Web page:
Fave Knife Review
Fave Knife Review
I discovered and purchased a Fave knife through Huckberry, this groovy online gear and apparel store for men. The knife was designed by One Hundred Co and manufactured for them by R. Murphy Knives. I had not heard of R. Murphy, but they’ve been around since the 1800s, so they must be doing something right.
The Fave knife was crowdfunded on Kickstarter the summer of 2015. Interest and support of the project was pretty incredible, and One Hundred Co (a father and son duo) raised over $7000 (over 7000% of their target amount).
So what is it? Essentially, it’s a fixed blade knife with a high carbon stainless blade, a reclaimed hardwood handle and a full tang.
The real selling point of the knife is that it’s made in the USA with all US materials. Not that I have anything against tools that are made overseas (just look at our catalog), but it’s nice to see a company that has the “keep it local” ethic behind it.
I purchased the 4″ blade version with a walnut handle. They also make a 3″ model, which in retrospect probably would have been a better choice.
It’s a beautiful knife, reminiscent in its look and character to the simple, elegant Opinel knives or the Mora classic line. It came reasonably sharp, and though the grind was a little wide in places, for the price ($65) I was satisfied.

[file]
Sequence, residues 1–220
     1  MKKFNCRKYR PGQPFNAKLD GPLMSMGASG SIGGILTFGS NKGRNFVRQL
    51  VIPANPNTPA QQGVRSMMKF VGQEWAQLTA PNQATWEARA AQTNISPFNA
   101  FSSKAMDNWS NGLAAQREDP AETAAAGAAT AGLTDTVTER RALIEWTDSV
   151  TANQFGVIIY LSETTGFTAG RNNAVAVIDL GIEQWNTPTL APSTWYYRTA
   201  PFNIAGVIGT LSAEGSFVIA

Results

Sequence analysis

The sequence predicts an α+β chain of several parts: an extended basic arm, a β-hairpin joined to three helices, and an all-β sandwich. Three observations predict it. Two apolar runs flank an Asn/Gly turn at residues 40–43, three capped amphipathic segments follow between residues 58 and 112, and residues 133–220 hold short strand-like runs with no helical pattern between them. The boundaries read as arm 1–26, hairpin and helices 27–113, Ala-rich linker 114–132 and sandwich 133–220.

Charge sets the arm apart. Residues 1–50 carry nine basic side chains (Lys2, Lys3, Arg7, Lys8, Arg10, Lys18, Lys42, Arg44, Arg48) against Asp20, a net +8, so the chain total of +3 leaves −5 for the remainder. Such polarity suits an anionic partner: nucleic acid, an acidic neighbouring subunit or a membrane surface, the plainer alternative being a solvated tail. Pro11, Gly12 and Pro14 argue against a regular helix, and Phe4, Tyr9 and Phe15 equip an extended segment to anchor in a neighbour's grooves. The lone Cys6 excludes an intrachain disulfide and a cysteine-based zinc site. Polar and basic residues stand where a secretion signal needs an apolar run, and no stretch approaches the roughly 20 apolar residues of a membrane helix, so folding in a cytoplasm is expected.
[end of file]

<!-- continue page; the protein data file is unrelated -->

My trouble with the knife began on first handling. The handle is short, I mean. kid-size knife short (I compare it the Mora Kid’s Knife in the video, and the Kid’s knife has a slightly longer handle). It doesn’t sit very well in my hand, and because of that, the blade just feels too close, as if one slip means ouch.
I wanted to give the knife a fair chance, so I carried it around for the next few weeks, putting it through the paces. You know, manly stuff like sharpening pencils and opening boxes, cutting carrots in the kitchen. Our fall chicken slaughter coincided with the knife being in my pocket, so I put it to work helping with slaughter and butcher.
How did it perform? To be honest, nothing too special, but at least it was better than I expected it to be when I first handled it. I think there is some real potential here, and I’d love to try the knife with a longer handle. Better stitching on the sheath is in order, too. For now, my Mora Companion is still my go-to belt knife.
If I haven’t dissuaded you yet, you can find the Fave Knife here.